Independence Day Celebration Speech

Thomas Jefferson said he would rather celebrate the Fourth of July than his own birthday. The older I get the more I share that sentiment.

Welcome, everyone, to the birthday celebration of the United States of America.

Thank you, thank you so much, for being here to share this tradition with us.

Thank you to everyone who worked so hard to organize this year’s celebration: Ursula, Tebogo, so many others. Thank you, Chuck, and our superb embassy choir for your beautiful renditions of our national anthems.

Special thanks to Anthony Stanco and the Crucial Elements, who traveled all the way from my home state, Michigan, to be with us today. And thanks in advance to our very special musical guest who will be on stage shortly.

As a former Marine, it is especially gratifying to thank our Marine Security Guard detachment and their flawless presentation of the colors. You make us proud. Semper Fi.

Please join me in a round of applause for everyone who contributed to this evening’s celebration. This is truly a community effort, above all.

Minister of Infrastructure, Science and Technology and Acting Minister of Foreign Affairs, The Honorable Nonofo Molefhi.

Government of Botswana Minsters and Permanent Secretaries

Esteemed diplomatic colleagues

Friends: Welcome

This Independence Day celebration is an occasion to enjoy great food, wonderful music, and the company of friends. It is also a time for Americans to reflect on the founding of our country 239 years ago. While our Declaration of Independence is the most American of documents, and we proudly associate ourselves with the promise of equality, life, liberty, and the pursuit of happiness, these ideals are not uniquely American. These rights belong to everyone. These values we all share. They represent the aspirations of people in America, in Botswana, and around the world.

You may have heard me say it before: there is nowhere I would rather serve than Botswana. There is nowhere I would rather celebrate my country’s Independence Day and founding principles than in this nation, one of Africa’s great development and democratic success stories. Botswana is one of the continent’s longest-standing multi-party democracies. It is one of the United States most reliable and valued partners in Africa.

Our engagement with Botswana, across a range of issues, underscores our global partnership. Our health partnership has made a world-wide contribution to HIV treatment and prevention. The United States has invested more than $700 million dollars over the past decade through the U.S. President’s Emergency Plan for AIDS Relief to assist the government of Botswana in its response to HIV/AIDS.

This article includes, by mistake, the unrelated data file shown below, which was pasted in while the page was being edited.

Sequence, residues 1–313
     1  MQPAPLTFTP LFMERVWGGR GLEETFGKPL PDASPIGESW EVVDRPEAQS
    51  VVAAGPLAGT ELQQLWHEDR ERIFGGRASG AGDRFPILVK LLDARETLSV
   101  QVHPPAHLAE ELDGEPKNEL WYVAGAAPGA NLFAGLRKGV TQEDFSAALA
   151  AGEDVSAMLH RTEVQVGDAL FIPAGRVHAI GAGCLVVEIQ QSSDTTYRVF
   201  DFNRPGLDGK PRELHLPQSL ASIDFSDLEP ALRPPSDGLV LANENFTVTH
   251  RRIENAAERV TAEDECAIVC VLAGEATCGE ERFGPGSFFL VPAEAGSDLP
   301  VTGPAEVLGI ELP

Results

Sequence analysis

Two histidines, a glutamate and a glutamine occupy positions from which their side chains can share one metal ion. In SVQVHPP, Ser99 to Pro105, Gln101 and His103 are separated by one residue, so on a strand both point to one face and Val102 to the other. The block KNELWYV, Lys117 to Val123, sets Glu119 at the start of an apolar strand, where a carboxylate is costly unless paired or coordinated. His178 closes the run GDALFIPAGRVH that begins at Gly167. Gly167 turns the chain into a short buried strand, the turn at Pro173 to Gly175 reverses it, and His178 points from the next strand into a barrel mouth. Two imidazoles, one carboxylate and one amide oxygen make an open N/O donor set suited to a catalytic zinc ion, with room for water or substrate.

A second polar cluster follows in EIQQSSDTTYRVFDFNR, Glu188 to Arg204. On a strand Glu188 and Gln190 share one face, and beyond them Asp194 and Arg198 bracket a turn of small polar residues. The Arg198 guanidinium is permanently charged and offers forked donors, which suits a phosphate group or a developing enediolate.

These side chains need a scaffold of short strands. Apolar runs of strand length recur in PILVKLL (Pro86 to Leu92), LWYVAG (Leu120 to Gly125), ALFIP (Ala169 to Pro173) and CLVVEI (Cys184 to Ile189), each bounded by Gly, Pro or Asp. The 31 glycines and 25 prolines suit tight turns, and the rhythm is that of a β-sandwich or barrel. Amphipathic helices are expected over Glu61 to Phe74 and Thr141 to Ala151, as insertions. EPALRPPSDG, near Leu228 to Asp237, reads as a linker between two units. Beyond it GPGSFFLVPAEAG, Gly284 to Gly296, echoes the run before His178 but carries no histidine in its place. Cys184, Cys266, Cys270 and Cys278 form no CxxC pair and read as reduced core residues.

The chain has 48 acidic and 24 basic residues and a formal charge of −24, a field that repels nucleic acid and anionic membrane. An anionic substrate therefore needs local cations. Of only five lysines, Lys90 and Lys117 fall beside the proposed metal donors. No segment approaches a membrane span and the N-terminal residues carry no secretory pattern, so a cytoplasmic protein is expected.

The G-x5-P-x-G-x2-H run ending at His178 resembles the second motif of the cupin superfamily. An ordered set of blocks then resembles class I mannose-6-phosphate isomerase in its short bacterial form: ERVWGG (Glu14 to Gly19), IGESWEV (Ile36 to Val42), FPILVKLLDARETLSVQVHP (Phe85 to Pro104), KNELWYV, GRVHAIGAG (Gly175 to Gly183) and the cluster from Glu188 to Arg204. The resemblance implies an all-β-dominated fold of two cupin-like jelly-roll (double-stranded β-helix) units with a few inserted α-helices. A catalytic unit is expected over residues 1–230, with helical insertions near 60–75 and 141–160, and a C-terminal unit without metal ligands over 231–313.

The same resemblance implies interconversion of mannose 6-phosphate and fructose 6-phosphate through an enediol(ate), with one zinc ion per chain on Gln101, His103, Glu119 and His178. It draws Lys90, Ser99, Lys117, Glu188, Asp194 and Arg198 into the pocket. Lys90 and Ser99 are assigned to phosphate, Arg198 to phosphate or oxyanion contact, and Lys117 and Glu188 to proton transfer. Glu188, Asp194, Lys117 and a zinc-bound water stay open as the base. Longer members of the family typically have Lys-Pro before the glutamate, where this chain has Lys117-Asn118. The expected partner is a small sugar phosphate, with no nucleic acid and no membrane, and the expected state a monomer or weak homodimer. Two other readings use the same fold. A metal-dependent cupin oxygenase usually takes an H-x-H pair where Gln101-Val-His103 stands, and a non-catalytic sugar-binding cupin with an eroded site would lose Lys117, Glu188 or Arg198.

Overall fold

Botswana is on track to be one of the first countries in Africa to achieve epidemic control before 2018.

Botswana works with the United States and takes principled stands to promote democracy, good governance, and human rights throughout the continent. Our military-to-military relationship is strong and our economic ties strengthening. We work closely on conservation and environmental issues and are allies in the battle against wildlife trafficking.

I see this partnership so clearly when I visit the United States’ best ambassadors, our Peace Corps Volunteers. Over the past year alone, Peace Corps volunteers, with their Botswana partners, trained 10,000 young people in life skills, reached over 14,000 individuals with HIV prevention interventions, and empowered 5,000 individuals to address and reduce Gender-based Violence. We receive 79 new volunteers in August, bringing our total number to almost 150. That’s a lot of ambassadors.

Today we celebrate the very essence of America. The spirit that has defined us as a people and a nation for more than two centuries. We look back in awe at the small band of patriots who risked everything, defied an empire, to declare “these united colonies are, and of right ought to be, free and independent states.”

We celebrate our founding generation who gave their blood to give meaning to those words, pledging their lives, fortunes, and sacred honor. We celebrate principles that are timeless – tenets first declared by men of property and wealth, but which gave rise to what Lincoln called a “new birth of freedom” in America: civil rights and voting rights, workers’ and women’s rights, the rights of the disabled, the rights of every American.

We’re reminded our declaration made us a beacon, inspiring people with ideals that still light the world.

239 years later, the words are just as bold, just as revolutionary.  Martin Luther King Jr. read them at Ebenezer Baptist Church in Atlanta, Georgia, in 1965.

“We hold these truths to be self-evident, that all men are created equal, that they are endowed by their Creator with certain inalienable rights; that among these are life, liberty, and the pursuit of happiness.”

And then Dr. King said, “The American dream reminds us – and we should think about it anew on this Independence Day – that every man is an heir of the legacy of dignity and worth.”

We’ve come so far and have so far to go. Many rivers to cross. We saw this again last week at another church, Emanuel African Methodist Episcopal Church in Charleston, South Carolina. The story of the United States is our struggle to live up to our founding principles and ideals. Many rivers to cross.

But cross them we will. We will carry on the improbable experiment that began more than 200 years ago in my country. Fifty years ago next year in this remarkable country. Not simply declaring our principles, but living them.

And here in this still young century, we renew our commitment to stand with those around the world, who, like us, still believe in that simple yet revolutionary notion – all people, everywhere, are created equal.

Happy Independence Day.  God bless all of you, God bless Botswana, and God bless the United States of America.